Climate change and sea level rise are global issues, but the effects are experienced locally. Communities along the eastern coast of the United States are facing rates of sea level rise much higher than the global average. Globally, sea levels are rising about an eighth of an inch per year. But in places from North Carolina to Florida, sea levels rose up to 5 inches between 2011 and 2015. Faster rates of sea level rise on the east coast are partly due to geology and changes in the ocean and wind currents that moderate our climate. But there can be no doubt that continuing climate change and rising seas pose a serious threat to one of the most densely populated parts of the United States. Critical action to both mitigate climate change and make coast areas more resilient is required.
Coastal resilience is the ability of people to recover and adapt to the threats of climate change that inundate coasts––particularly minority and low-income communities which, due to systemic discrimination and injustice, are more likely to live in floodplains and have limited resources to recover from the impacts of intensifying hurricanes, increasing flooding, and sea level rise.
As our warming world holds more moisture and provides more heat energy to tropical storms, hurricane intensity is increasing, threatening the livelihoods of people living on the coast. Rising water levels increase flooding events, presenting a public health concern, as many city sewer systems are in poor condition and unable to handle excess water. In September 2018, Hurricane Florence battered communities in North Carolina that were already dealing with a number of environmental health hazards from coal ash and CAFO pollution to chemicals in drinking water.
Coastlines respond to the confluence of climate change effects on terrestrial and marine ecosystems. Wetlands act as natural barriers that buffer land from rising seas. Marshes, swamps, and mangroves mitigate property damage due to hurricanes, reduce coastline erosion, and improve water quality by filtering out heavy metals and toxins. Unfortunately, sea level rise is projected to drown large portions of mangrove forests and push marsh habitat inland, leaving us to face a difficult question: what will happen to life at the edge of the sea?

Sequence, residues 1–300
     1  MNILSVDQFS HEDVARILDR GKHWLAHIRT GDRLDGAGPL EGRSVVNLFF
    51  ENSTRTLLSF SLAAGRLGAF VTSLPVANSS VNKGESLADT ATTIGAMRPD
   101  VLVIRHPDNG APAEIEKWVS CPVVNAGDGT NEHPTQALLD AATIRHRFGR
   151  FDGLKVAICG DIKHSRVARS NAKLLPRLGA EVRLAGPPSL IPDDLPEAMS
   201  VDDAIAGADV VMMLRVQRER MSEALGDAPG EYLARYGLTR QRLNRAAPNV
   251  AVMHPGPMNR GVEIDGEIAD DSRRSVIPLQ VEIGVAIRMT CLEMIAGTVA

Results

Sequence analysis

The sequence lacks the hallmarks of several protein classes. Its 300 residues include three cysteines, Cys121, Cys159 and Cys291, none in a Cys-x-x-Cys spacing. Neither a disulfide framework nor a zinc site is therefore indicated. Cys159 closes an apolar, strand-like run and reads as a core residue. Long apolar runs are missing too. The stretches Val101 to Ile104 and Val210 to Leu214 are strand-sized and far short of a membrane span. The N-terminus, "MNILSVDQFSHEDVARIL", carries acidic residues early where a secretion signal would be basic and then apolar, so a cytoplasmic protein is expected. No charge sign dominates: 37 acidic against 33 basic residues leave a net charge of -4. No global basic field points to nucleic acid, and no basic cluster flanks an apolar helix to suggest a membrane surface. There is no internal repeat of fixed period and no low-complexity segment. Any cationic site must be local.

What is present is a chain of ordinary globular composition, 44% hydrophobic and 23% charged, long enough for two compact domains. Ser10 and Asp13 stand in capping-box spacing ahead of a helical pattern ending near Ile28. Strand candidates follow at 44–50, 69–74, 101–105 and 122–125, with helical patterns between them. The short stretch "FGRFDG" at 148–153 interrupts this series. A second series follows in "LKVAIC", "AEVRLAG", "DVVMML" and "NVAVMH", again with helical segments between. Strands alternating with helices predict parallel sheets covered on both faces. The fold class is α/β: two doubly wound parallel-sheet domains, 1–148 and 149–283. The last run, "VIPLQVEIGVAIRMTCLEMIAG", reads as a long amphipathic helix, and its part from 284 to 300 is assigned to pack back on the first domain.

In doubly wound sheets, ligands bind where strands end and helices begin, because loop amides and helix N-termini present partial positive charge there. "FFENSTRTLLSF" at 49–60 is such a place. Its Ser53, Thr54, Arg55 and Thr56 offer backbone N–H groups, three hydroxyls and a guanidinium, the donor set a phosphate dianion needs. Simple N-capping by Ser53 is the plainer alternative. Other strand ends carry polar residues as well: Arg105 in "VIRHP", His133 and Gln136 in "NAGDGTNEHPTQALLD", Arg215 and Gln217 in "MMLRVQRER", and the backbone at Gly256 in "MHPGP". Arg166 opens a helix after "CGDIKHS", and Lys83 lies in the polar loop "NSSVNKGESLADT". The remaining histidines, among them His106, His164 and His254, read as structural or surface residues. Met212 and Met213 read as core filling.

Smart city planning may prepare and aid urban areas adapting to our changing climate. Cities along the Atlantic seaboard are also implementing proactive, natural solutions such as restoring wetlands and building oyster reefs. Still, response to this crisis requires support from states and federal government to improve infrastructure, prepare communities, and spearhead restoration efforts. And as we seek coastal resilience, it is important to think about who is facing the brunt of climate change and who has the means to turn away from the storm. The fight for coastal resilience is a fight for those most vulnerable, for life at the edge of our shifting shores.
Latest News About Coasts and Environment Justice
Changes to land from coastal storms can enhance habitat
Considering the growing prevalence of drone photography and video footage over miles of natural landscape, a bird’s-eye view has been proven to be more than eye candy in determining climate impacts. But for wildlife managers at Pea Island National Wildlife Refuge, a major stopover for migrating waterfowl and shorebirds, the compact low-flying machines are also competitors for feathered fliers’ airspace.
That’s why a recent paper analyzing nearly a decade of aerial photographs of the Outer Banks refuge used images taken by a standard airplane to discern how the island is evolving. Read more
What no one is talking about in the wake of hurricanes and oil spills
Often, the damage that extreme weather or an environmental disaster inflicts on communities works as a one-two punch. The first punch: the actual event — an oil spill, a hurricane, a winter storm, the lethal heat that scorched parts of the US as recently as a couple weeks ago. The second punch: the trauma that can persist long after the event is no more. It’s this second punch that people tend to overlook or ignore. Read more
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